In This Review

Economic Policy and Performance in the Arab World
Economic Policy and Performance in the Arab World
By Paul Rivlin
Lynne Rienner, 2001, 237 pp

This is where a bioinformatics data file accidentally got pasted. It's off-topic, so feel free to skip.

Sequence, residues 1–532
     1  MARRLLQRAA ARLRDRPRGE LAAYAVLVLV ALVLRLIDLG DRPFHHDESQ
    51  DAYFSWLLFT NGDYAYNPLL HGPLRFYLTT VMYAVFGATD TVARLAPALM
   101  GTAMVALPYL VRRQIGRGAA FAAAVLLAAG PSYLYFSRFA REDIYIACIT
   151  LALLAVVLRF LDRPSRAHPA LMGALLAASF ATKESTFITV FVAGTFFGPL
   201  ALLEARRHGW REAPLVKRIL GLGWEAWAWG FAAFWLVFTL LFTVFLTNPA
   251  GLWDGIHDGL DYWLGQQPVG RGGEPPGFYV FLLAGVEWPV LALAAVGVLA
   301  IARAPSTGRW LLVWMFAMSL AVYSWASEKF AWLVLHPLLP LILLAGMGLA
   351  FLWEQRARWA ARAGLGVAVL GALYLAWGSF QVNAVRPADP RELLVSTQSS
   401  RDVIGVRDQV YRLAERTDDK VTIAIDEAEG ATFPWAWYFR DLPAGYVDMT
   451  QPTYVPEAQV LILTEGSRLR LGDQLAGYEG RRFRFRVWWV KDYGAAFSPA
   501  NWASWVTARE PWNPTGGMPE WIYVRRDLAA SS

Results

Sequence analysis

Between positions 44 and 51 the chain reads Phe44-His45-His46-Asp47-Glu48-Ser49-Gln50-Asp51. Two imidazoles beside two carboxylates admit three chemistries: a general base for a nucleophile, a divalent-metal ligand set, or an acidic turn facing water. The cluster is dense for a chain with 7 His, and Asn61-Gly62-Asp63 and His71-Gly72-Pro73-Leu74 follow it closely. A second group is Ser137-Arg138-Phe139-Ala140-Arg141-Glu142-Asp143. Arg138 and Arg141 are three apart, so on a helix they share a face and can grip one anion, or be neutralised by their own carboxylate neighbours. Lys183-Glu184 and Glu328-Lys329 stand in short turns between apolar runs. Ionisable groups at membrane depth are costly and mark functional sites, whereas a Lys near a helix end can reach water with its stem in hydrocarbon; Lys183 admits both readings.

American attention on the Middle East tends to focus on either oil or the Arab-Israeli conflict, but it neglects the more mundane issue of economic activity and transformation. Rivlin, based at Tel Aviv University, provides a basic and accessible introduction to recent economic developments in the Arab countries, especially Egypt, Jordan, Morocco, Syria, and Tunisia. As in much of the developing world, the 1980s were not good for economic growth in that region. But some leaders attempted hesitant economic reforms, trying to move toward greater reliance on markets and away from the statism of earlier years. Early returns are promising (especially in Tunisia), if not conclusive. However, many Arab countries have been weakened by their dependence on elevated oil revenues or foreign assistance, both of which are channeled through government. Heavy reliance on these sources of foreign exchange and public revenue has reduced the need for tax revenues, which in turn reduces the need for popular support. Instead, prospective entrepreneurs are tempted to engage in rent seeking, which sadly seems to be a surer way to riches than engaging in productive economic activity.